Better Goals Than Independence

Photo by Kamaji Ogino from Pexels

It seems to be a given in USian culture that a parent’s duty is to see that their children are prepared to be independent on or soon after they turn 18. Our kids are meant to be able to look after their own hygiene, find and maintain a job, live alone in a house or an apartment (or negotiate a roommate arrangement), and so forth. To these ends, many caregivers of disabled children feel intense pressure to seek out therapies that will allow their children to approach independence by the allotted deadline. They post in parenting groups asking how best to potty train their children, teach them to dress themselves and how to make their own breakfast. They agonize over the timing of developmental milestones and push down their anxiety to support their kids as best they can. But, why?

Take a breath. Slow down. Listen.

Very few people are fully independent, living off the grid, and singlehandedly hunting or growing everything they eat. Humans aren’t built that way in the first place. We are social creatures. We’re meant to live in community with each other. Unfortunately, our consumerist, ableist, White Supremacy Culture has convinced too many of us that our worth is tied up in what we can produce through performance. If we don’t operate in a typical way, we are the weakest link, and we don’t deserve to be included. Absurd. Absolutely absurd. No, we are worthy simply because we are and it is morally incumbent upon other members of our culture to make sure we are safe and cared for.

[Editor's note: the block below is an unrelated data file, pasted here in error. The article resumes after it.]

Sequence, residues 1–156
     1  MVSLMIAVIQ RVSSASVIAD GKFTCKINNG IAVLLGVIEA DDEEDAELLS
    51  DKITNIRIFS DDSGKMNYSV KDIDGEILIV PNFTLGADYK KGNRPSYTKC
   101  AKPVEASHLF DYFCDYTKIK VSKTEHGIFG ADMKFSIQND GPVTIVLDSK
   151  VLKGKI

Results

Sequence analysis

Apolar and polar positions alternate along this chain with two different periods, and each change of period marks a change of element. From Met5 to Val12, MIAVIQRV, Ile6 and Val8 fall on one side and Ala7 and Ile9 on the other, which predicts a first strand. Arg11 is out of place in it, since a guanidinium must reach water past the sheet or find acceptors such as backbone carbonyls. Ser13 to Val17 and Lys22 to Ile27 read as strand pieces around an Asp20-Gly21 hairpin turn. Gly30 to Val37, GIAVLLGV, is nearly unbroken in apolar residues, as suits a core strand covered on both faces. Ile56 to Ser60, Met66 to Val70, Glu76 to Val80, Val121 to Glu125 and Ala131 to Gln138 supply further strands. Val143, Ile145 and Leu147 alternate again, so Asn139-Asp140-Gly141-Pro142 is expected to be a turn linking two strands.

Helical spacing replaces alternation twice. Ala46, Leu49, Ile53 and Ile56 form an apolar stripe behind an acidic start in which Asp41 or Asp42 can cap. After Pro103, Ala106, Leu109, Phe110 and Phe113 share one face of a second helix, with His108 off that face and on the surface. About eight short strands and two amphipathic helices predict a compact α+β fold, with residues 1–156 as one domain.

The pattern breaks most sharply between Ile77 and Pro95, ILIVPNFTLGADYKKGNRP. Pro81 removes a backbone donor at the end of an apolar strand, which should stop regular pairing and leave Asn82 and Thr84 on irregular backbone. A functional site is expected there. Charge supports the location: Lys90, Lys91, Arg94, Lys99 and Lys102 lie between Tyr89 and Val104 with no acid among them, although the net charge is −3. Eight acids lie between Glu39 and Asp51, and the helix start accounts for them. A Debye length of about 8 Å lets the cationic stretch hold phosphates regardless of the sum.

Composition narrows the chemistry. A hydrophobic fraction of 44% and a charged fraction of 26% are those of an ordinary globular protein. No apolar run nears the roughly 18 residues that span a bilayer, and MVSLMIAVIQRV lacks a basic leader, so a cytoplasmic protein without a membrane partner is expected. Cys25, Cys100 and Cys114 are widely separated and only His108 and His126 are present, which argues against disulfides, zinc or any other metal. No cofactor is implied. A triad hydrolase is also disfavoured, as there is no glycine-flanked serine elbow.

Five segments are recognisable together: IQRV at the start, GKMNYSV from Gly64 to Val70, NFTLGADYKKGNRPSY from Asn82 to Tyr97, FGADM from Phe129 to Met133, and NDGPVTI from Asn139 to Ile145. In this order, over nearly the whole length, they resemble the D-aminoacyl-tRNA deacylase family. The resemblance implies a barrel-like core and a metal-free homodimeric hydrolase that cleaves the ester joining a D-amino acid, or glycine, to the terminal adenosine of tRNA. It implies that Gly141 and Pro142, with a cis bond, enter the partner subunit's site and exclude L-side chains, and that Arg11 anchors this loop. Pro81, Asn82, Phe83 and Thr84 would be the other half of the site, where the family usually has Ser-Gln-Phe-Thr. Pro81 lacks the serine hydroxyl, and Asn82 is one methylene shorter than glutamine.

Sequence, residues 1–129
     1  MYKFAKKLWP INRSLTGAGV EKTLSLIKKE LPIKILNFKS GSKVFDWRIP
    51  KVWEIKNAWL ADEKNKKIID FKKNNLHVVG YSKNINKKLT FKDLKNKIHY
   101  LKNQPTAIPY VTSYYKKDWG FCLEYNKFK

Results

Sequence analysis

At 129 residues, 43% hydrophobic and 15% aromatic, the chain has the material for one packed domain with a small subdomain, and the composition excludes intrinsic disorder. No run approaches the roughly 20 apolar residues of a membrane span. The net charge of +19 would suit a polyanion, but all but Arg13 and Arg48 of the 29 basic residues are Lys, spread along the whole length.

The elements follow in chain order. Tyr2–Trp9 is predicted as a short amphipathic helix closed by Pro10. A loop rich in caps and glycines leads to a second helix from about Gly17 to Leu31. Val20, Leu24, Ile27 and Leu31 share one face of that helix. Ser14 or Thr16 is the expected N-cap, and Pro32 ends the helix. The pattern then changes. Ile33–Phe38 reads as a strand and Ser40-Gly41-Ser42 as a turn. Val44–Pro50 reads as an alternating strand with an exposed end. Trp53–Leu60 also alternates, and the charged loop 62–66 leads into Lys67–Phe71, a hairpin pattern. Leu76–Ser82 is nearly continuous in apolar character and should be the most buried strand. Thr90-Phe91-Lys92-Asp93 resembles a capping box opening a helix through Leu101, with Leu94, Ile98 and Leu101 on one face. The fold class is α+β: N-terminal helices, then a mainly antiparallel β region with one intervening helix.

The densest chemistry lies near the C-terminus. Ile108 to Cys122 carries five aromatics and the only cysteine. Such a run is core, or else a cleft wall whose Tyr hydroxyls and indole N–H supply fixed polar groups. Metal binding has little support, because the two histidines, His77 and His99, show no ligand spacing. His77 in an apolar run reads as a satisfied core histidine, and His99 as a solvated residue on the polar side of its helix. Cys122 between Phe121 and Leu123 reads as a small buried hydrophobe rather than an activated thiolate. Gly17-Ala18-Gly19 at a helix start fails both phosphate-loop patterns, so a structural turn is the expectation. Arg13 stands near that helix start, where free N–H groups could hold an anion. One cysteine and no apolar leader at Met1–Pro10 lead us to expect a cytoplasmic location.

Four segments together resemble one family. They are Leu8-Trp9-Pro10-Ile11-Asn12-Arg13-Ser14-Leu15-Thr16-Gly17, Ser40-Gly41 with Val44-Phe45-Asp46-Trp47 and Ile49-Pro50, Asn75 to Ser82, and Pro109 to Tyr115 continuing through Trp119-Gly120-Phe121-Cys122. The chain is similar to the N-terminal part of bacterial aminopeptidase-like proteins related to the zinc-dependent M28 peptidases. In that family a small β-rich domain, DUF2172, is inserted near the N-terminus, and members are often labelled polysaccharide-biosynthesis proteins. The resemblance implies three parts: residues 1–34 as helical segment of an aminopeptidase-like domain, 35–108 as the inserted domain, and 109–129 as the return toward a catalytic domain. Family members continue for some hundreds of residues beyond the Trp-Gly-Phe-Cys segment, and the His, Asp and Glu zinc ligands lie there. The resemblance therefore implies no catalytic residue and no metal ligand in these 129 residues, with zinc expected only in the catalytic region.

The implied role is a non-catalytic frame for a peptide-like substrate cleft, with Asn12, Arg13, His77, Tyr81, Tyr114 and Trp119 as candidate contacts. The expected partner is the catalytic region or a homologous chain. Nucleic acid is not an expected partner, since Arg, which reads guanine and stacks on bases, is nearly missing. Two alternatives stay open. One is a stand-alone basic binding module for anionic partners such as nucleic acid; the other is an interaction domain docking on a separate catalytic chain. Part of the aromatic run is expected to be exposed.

Independence seems reasonable in a scenario where asking for help is regarded as weak and burdensome to others. I get it. So, reject that mentality. You don’t have to participate. Opt out and teach your kids to do the same. And, when you’re ready, embrace interdependence as a much worthier alternative to independence.

Plug your children into their community and model qualities like empathy, helpfulness, partnership, and justice. Investigate why our culture so prizes isolationism and individualism above cooperation and community, and then help your kids understand. On your way, consider other goals that will serve your children better than independence to the extent that they are able, such as:

  1. Unabashedly asking for help when it’s needed.
  2. Locating, navigating, and securing resources.
  3. Learning how to find the decision-makers.
  4. Practicing how to ask effective questions and listen actively.
  5. Becoming powerful self-advocates who will not be pushed to the side.
  6. Understanding policies and procedures.
  7. Recognizing and defending their rights.

I’m not saying that our kids shouldn’t be receiving support for self-care and daily living. Not at all. I think children should be given opportunities to gain autonomy and agency. I do not, however, believe that a caregiver choosing independence as a goal for a child is respectful or helpful. No person should be in training to become entirely self-sufficient without their explicit consent. We are an interdependent people. Teach into that reality.

Independence vs Autonomy

Many of y’all have probably figured out by now that I like to deep dive into some common concepts that we all know but, perhaps, haven’t thought about in terms of parenting. Recently, I’ve been thinking about independence versus autonomy and what the distinction means for our children.

I found this thorough explanation of the differences between these two words on Stack Exchange of all places (and I substantiated it of course):

‘Autonomous’ means ‘self-directed’. Auto – nomy. From the Greek ‘autos’ – self, and ‘nomos’ – law. It means that your drive to act comes from inside yourself.